Food delivery services

Demand for online food shopping has increased, however, the delivery services continue to run as usual. If you or those around you do need to self-isolate for any reason, make sure you notify the supermarket of your situation in the ‘Other Information’ section when placing your order. In this section, you can specify where you’d like the order to be left – whether that’s on your doorstep or in a communal entrance.

Remember to book an online supermarket delivery slot in advance, as slots are booking up weeks ahead. Older people who are unfamiliar with online food shopping may benefit from the help of a friend, neighbour or relative when placing their order.


Doorstop drop-ins

Many local communities have set up up volunteer groups to ensure that older people don’t go without food. Have a look at local Facebook pages to see if there is a volunteer food delivery scheme in place in your area.

It’s never been a better time to reach out and connect with neighbours and local communities. If it’s safe for you to do so, why not batch-cook some meals to deliver to your elderly neighbours or offer to pick up some groceries when you’re next at the shops. Even a phone call or note through the door to check-in with those around you can go a long way in helping others.


Delivery rounds

Whilst popping to the shops for a morning newspaper or bottle of milk may not be possible during self-isolation, the good news is that many local newsagents are offering a home delivery service at a small additional fee (or sometimes free of charge).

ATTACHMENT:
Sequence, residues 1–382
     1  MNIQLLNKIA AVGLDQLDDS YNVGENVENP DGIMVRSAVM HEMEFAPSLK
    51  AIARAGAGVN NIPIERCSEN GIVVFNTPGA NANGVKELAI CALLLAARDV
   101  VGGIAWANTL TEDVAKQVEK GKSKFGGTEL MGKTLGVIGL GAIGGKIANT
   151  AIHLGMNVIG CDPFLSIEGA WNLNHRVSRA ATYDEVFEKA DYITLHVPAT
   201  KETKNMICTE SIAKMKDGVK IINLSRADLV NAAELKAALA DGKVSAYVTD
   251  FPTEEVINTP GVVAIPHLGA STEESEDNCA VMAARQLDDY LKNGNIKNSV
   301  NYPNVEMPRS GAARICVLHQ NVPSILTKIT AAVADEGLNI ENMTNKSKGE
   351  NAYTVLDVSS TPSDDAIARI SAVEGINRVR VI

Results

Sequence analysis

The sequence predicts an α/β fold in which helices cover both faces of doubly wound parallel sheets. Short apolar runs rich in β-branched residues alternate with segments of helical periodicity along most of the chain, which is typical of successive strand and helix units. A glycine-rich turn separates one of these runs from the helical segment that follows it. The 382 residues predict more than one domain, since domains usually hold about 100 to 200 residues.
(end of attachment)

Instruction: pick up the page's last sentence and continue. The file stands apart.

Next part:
In the longer-term, if you’d like to receive your paper delivered to your home, you can register for home delivery vouchers. You can then contact your local newsagents to see if they are able to deliver the paper direct to your home.


Meal delivery services

If your loved one needs pre-prepared meals delivered to their homes, consider using national providers such as Wiltshire Farm Foods, Oakhouse Foods, or retailers such as Cook! You could also investigate other options in your local area such as Meals on Wheels and local meal-delivery groups run by churches and charities.


Accessing nutrition supplements at home

We know that it’s a worrying time for all, however, we’d like to reassure our customers and supporters that AYMES International will continue to provide delicious and cost-effective oral nutritional supplements that support malnourished patients and those at risk of malnutrition.

AYMES Retail is a nutritionally-balanced, over-the-counter build-up shake, available to order online (delivered right to your door) or at pharmacies. It’s ideal for people who need an extra boost but don't require a prescription, providing up to 265kcal per serving when mixed with 200ml whole milk.

Presented in a powder format, based on skimmed milk powder with added carbohydrate, fat, vitamins and minerals, it’s an ideal store cupboard essential for anyone with poor appetite. AYMES Retail is presented conveniently in individual flavour cartons (chocolate, strawberry, banana, vanilla) containing 4 x 38g sachets, with an RRP of just £3.19.